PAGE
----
Microscope Imaging Station
Zoom in on the microscopic world in a site that complements an ongoing state-of-the-art laboratory facility at the museum.
Evidence: How Do We Know What We Know?
For most of us, science arrives in our lives neatly packaged as fact. How did it get that way?
Extremophiles in Kamchatka
Follow scientists looking for life in the hot springs of the Russian Far East.
Cow’s Eye Dissection
Learn how eyes work and watch a cow’s eye dissection. Then follow step-by-step instructions to do a cow eye dissection yourself.
A website created to complement Geometry Playground, a temporary Exploratorium-developed exhibition at the museum, which engages your hands, brain, and body in playful investigations of this most visible branch of math.
Origins - Six Interconnected Websites
Explore the places, people, tools, and ideas behind the origins of matter, the universe, and life itself through a series of websites that take you from the jungle to the lab and from Antarctica to the Hubble Space Telescope.
The Explainers are the floor staff at the Exploratorium who trigger curiosity and exploration, do demonstrations, and more. Listen in on their latest experiences and musings.
Ice Stories: Dispatches from Polar Scientists
For the International Polar Year, we gave polar scientists cameras and blogging tools and asked them to document their fieldwork. Explore their dispatches and see what it's like to be a research scientist in the Arctic or Antarctica.
Institute for Inquiry: Facilitators’ Guides
The Institute for Inquiry is a professional development center for teachers, administrators, and professional developers interested in exploring the theory and practice of inquiry-based teaching and learning. Here, professional developers who work with teachers can download facilitators’ guides and lead their own workshops.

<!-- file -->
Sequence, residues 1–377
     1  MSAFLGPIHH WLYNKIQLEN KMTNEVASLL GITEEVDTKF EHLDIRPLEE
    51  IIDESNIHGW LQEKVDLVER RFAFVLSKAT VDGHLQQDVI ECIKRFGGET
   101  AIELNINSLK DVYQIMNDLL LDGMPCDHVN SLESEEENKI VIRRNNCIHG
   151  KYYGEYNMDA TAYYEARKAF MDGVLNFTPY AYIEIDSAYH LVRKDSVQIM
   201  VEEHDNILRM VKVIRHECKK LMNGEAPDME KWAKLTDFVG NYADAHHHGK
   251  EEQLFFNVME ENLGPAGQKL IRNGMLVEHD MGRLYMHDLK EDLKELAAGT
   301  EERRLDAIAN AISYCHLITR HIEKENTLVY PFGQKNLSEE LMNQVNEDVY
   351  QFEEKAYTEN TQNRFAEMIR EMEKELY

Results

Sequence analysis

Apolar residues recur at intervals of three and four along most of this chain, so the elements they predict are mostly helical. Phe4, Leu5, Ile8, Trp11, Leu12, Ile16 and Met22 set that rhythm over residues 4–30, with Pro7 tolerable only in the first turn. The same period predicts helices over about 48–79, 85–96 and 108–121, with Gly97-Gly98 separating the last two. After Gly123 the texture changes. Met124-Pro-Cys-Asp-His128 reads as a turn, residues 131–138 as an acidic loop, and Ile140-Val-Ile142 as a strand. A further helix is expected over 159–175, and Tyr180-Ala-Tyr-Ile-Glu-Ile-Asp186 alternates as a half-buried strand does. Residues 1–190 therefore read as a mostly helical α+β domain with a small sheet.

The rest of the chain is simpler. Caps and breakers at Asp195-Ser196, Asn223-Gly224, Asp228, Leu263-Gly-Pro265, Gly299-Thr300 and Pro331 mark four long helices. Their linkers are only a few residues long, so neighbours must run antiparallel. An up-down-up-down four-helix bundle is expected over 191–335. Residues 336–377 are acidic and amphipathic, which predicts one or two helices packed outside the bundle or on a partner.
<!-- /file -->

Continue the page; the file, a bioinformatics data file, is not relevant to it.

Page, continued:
The Digital Library
Explore our collections of digital assets—from a Polar Media Collection to a Math Explorer database—all of which are free to educators.
The Solar Eclipse: View from Zambia, Turkey, and China
Explore a collection of websites featuring our live eclipse coverage from Turkey, China, and Aruba, plus a variety of related content.
Science Snacks (junior versions of our exhibits) are no longer available only to teachers. These pages make them available to anyone interested in learning about science or helping others learn about science.
Science of Cooking: Candy Section
Learn how to make candy at home, go behind the scenes at a lollipop factory and fudge house, learn about the science of sugar, and play with a Candy-o-matic.
Play, Invent, Explore (PIE)
The PIE (Play, Invent, Explore) program leads workshops to develop and disseminate a range of playful and inventive educational activities that integrate science, art, and digital technologies. See some of their projects and learn more about this program.
Dr. Atomic: Commentary on an Opera
Explore the scientific, historical, and cultural context behind the opera Doctor Atomic (by John Adams and Peter Sellars) about the first atomic bomb test.
Journey to Mars: Mars Viewer
The Spirit and Opportunity Mars rovers landed on Mars in 2004 and have sent amazing pictures back to earth. The Mars Viewer allows you to pan and zoom on full-resolution photos of the Martian landscape
Check out the photos taken by a camera dangling from a kite flown from the roof of the Exploratorium.
Ten Cool Sites
We search the web to offer what we think are the coolest sites on a variety of topics. Online visitors can see the most recent top 10 sites on the Web or search the archive by subject.